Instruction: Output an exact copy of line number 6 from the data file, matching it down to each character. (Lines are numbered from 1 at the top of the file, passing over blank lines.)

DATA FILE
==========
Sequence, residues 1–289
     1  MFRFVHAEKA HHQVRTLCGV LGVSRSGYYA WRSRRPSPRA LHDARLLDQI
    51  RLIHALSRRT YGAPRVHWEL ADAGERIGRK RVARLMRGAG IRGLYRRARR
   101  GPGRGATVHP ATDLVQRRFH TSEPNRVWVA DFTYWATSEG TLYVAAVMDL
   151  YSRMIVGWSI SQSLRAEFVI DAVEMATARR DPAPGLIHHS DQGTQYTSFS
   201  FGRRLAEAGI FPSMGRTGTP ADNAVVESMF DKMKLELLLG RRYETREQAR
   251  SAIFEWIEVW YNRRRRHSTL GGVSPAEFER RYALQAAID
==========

   201  FGRRLAEAGI FPSMGRTGTP ADNAVVESMF DKMKLELLLG RRYETREQAR